Carnton Plantation, 1894: Carrie McGavock is an old woman who tends the graves of the almost 1,500 soldiers buried there. As she walks among the dead, an elderly man appears–the same soldier she met that fateful day long ago. Today, he asks if the cemetery has room for one more.
Based on an extraordinary true story, this brilliant, meticulously researched novel flashes back to 1864 and the afternoon of the Civil War. While the fierce fighting rages on Carrie’s land, her plantation turns into a Confederate army hospital; four generals lie dead on her back porch; the pile of amputated limbs rises as tall as the smoke house. But when a wounded soldier named Zachariah Cashwell arrives at her house, he awakens feelings she had thought long dead–and inspires a passion as powerful and unforgettable as the war that consumes a nation.
There are few books that invoke an emotional or spiritual response. THE WIDOW OF THE SOUTH is one of those books. Based on true events, THE WIDOW OF THE SOUTH is a fictional representation on what might have inspired Carrie McGavock to bury over 1000 men in her family cemetery.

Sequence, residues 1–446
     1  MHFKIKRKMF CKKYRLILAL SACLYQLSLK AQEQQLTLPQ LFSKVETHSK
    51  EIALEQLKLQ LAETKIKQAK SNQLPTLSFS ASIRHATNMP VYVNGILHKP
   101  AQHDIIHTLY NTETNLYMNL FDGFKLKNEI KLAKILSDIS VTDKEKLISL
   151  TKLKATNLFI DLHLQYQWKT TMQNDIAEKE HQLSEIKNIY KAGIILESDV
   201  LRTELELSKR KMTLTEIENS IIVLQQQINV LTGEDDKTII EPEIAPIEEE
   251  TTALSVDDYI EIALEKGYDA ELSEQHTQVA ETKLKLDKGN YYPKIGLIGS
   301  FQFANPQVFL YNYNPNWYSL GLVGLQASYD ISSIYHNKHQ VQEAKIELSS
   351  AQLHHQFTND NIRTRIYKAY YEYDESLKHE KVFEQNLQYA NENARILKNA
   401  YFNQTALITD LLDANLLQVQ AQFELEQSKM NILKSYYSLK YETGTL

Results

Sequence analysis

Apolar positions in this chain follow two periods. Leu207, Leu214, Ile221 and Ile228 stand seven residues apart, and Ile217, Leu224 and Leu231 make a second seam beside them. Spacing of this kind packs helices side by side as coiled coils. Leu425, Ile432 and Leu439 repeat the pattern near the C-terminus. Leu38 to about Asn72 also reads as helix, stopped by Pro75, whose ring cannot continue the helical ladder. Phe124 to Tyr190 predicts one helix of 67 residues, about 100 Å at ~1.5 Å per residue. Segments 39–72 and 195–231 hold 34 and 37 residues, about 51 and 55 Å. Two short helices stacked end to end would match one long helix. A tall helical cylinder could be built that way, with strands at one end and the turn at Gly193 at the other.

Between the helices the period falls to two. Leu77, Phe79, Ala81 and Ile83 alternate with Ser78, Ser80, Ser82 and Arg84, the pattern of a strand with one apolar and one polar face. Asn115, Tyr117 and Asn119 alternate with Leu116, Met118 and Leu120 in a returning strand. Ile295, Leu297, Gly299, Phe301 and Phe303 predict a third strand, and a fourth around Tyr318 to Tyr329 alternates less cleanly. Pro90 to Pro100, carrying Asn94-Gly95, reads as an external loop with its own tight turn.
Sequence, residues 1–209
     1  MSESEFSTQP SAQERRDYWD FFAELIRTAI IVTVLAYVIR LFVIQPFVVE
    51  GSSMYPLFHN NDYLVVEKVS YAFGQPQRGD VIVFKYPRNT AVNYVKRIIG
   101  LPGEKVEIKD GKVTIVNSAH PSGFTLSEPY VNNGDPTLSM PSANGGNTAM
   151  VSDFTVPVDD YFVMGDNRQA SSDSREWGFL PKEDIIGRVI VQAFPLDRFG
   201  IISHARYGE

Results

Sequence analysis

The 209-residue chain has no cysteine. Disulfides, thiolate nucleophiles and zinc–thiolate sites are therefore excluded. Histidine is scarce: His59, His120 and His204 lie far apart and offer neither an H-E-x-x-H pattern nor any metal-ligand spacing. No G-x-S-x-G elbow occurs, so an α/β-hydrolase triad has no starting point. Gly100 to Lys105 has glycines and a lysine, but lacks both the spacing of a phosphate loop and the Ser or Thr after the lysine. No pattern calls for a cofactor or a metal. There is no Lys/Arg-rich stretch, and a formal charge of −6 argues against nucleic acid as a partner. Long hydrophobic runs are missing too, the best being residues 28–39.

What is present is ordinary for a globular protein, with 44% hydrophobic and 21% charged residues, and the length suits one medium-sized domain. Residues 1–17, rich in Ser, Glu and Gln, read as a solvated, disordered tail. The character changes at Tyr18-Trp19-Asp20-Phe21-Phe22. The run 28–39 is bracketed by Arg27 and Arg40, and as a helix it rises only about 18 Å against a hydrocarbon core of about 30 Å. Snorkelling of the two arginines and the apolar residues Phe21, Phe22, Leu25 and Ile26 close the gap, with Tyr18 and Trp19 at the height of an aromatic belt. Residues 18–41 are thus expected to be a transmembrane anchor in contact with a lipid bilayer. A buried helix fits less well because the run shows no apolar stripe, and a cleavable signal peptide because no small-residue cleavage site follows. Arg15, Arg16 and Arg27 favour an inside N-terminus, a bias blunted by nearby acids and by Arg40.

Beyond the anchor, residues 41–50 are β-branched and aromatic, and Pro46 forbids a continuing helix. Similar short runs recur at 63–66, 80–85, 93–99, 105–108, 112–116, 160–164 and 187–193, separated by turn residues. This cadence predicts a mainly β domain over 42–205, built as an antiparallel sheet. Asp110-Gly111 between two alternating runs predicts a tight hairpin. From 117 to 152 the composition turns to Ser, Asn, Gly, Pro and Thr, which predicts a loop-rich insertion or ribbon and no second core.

The book is told in different point of views, but the voices are all different that the reader doesn’t get lost. The characters are deep, and at times, difficult to fully understand. Much like normal people. The writing is similar to other Southern authors, it is poetic with hints of dark and humanity. It was one of those books that really made me feel and think beyond life today.
I can’t really express much on it, just that if you have a library card (which I assume you do), check out this book. It’s a historical fiction based on true events and does more than entertain. It truly makes you think and feel.